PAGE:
NEWARK (KPIX 5) Life can be quiet and lonely for people who are deaf. But this week’s Jefferson Award winner is opening doors to a brighter, fuller world.
Imelda Rivas has seen a transformation in her 25-year-old son, Antonio.
“Before, it was, ‘Oh, don’t touch me,’ just looking down,” Rivas remembers. “Now, he comes home, he looks up and he makes sure he gives everyone a hug.”
Antonio is deaf, has autism and cerebral palsy. Rivas feared his future would be quiet, and isolated. Then he started coming to the nonprofit, Deaf Plus Adult Community, or D-PAC.
“It gave me hope that my son was not going to end up just in front of the TV, just passing his life in front of the TV,” Rivas explained.
Nancy Eddy co-founded D-PAC in Newark in 2013. It’s the only Bay Area nonprofit that accepts deaf adults who also have other disabilities and behavioral challenges.
“It’s amazing, and I just feel so blessed that I’ve been able to do something like this,” she said.
Eddy’s own daughter, Christy, is deaf with disabilities, and when she became an adult, she aged out of public education programs. So Eddy developed D-PAC to offer a range of activities, from academics and life skills to creative arts and exercise for six hours on weekdays. Supported by government and privates funds, it’s free of charge to participants like Emerald Brown.
“I like zumba a lot,” the 26-year-old said. “We dance all the time.”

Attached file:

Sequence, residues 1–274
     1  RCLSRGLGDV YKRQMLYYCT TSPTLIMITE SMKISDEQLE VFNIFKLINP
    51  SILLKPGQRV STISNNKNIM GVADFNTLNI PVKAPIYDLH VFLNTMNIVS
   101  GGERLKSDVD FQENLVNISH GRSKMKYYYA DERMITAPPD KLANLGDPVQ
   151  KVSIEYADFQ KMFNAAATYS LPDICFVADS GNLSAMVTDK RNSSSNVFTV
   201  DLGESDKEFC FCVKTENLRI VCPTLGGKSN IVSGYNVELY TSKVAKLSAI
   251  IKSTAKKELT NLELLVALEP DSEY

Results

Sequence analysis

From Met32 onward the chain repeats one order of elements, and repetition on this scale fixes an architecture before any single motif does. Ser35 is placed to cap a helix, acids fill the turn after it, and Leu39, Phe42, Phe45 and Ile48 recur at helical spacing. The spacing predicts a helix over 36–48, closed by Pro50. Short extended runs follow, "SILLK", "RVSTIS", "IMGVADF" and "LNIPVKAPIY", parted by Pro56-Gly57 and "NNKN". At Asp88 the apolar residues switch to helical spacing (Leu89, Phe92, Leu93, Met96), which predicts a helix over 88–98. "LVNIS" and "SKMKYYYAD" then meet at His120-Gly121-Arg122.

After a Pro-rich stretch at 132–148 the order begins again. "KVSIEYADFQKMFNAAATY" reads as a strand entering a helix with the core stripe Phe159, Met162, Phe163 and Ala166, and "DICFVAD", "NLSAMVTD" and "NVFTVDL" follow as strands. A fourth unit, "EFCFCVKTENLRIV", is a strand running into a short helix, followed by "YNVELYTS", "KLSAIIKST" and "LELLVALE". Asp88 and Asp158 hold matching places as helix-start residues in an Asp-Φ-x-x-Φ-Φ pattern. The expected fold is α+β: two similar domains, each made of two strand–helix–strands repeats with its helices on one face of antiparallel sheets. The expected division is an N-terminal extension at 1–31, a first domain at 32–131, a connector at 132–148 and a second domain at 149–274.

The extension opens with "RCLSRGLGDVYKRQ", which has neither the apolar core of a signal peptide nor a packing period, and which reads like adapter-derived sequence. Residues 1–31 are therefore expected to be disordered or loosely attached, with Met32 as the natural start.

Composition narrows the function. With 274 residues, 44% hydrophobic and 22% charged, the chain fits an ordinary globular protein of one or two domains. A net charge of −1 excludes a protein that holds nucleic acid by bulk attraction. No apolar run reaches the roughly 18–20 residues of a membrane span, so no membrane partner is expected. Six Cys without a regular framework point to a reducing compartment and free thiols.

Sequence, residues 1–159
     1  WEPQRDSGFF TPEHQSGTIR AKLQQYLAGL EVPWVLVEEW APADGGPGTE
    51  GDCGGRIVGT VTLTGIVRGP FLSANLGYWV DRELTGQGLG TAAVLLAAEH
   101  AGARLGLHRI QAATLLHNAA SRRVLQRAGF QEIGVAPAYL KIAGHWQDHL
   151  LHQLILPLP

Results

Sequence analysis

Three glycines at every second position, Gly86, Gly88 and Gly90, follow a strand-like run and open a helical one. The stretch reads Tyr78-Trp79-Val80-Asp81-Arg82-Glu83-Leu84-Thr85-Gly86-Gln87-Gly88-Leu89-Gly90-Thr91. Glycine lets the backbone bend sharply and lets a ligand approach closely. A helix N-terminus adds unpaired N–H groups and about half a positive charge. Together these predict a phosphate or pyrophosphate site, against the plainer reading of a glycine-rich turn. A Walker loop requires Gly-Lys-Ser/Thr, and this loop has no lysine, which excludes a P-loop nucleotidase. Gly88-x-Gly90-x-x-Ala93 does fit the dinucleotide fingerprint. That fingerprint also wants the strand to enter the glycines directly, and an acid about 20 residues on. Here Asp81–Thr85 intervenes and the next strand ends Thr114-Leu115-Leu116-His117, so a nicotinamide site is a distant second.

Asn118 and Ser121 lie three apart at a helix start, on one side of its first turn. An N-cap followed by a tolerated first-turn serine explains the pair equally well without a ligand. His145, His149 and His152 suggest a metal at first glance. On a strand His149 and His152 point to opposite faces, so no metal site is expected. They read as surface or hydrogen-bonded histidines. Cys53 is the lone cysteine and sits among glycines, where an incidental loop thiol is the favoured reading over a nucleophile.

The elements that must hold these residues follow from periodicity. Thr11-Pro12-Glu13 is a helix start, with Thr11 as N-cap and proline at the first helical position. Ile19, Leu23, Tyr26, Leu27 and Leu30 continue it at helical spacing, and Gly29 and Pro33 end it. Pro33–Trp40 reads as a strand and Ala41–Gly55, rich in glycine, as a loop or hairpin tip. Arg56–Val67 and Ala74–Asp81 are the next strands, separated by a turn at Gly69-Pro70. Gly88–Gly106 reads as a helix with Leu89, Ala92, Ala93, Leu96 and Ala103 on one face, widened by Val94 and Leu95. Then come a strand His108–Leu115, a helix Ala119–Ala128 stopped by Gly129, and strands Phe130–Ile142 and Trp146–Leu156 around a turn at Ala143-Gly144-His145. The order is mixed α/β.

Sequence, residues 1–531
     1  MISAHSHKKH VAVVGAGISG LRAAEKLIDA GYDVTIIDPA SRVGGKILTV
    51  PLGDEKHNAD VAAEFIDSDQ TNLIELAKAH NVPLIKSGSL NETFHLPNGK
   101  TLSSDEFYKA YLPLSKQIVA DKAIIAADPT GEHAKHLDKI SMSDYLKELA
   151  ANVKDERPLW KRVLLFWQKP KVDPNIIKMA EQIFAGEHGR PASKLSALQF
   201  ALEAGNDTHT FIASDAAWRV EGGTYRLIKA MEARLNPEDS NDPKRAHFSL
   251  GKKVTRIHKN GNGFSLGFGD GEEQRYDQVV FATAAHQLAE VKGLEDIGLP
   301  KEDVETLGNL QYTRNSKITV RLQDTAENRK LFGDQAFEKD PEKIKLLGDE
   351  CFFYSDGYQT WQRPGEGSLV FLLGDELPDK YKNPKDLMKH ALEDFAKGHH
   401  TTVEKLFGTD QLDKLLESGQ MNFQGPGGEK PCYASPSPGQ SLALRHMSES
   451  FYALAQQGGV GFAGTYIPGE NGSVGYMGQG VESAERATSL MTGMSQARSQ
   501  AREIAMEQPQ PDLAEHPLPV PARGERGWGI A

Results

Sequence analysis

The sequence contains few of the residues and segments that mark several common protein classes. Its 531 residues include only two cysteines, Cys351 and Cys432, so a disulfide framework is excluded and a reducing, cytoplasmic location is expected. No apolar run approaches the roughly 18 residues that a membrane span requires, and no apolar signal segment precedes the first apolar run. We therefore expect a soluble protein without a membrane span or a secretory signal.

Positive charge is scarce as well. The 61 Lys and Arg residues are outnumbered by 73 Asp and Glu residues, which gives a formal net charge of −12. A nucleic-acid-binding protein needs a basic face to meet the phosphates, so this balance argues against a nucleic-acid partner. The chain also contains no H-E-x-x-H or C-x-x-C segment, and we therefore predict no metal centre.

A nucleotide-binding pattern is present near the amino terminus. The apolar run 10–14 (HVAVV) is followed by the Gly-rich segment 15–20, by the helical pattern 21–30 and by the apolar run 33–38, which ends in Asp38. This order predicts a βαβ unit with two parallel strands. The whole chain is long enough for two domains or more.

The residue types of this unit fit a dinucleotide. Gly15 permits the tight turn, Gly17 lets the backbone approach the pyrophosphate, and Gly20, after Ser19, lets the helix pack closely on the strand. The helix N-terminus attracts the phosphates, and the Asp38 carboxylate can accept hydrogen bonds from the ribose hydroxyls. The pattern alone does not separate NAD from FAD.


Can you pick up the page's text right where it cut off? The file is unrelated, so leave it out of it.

About 30 adults enrolled in D-PAC go on weekly field trips, led by some 20 staff members, many of whom are also deaf. They also serve the community with projects like picking up litter and volunteering at the food bank.
“Their esteem builds in, ‘I’m doing something worthwhile,'” Eddy said.
Not everyone knows sign language when they get to D-PAC, but it’s a place where they can learn. And communication leads to friendships.
That’s important to Gillian Baldwin’s son, Walter.
“They don’t feel an outcast,” Baldwin said using sign language. “They feel like they’re a common community and they’re excited to be here.”
She can’t thank Nancy enough.
“She has a deaf heart,” Baldwin said of Eddy. “She knows how to work with the deaf community.”
So for helping to create a program to enrich the lives of the Deaf Plus Adult Community, this week’s Jefferson Award in the Bay Area goes to Nancy Eddy.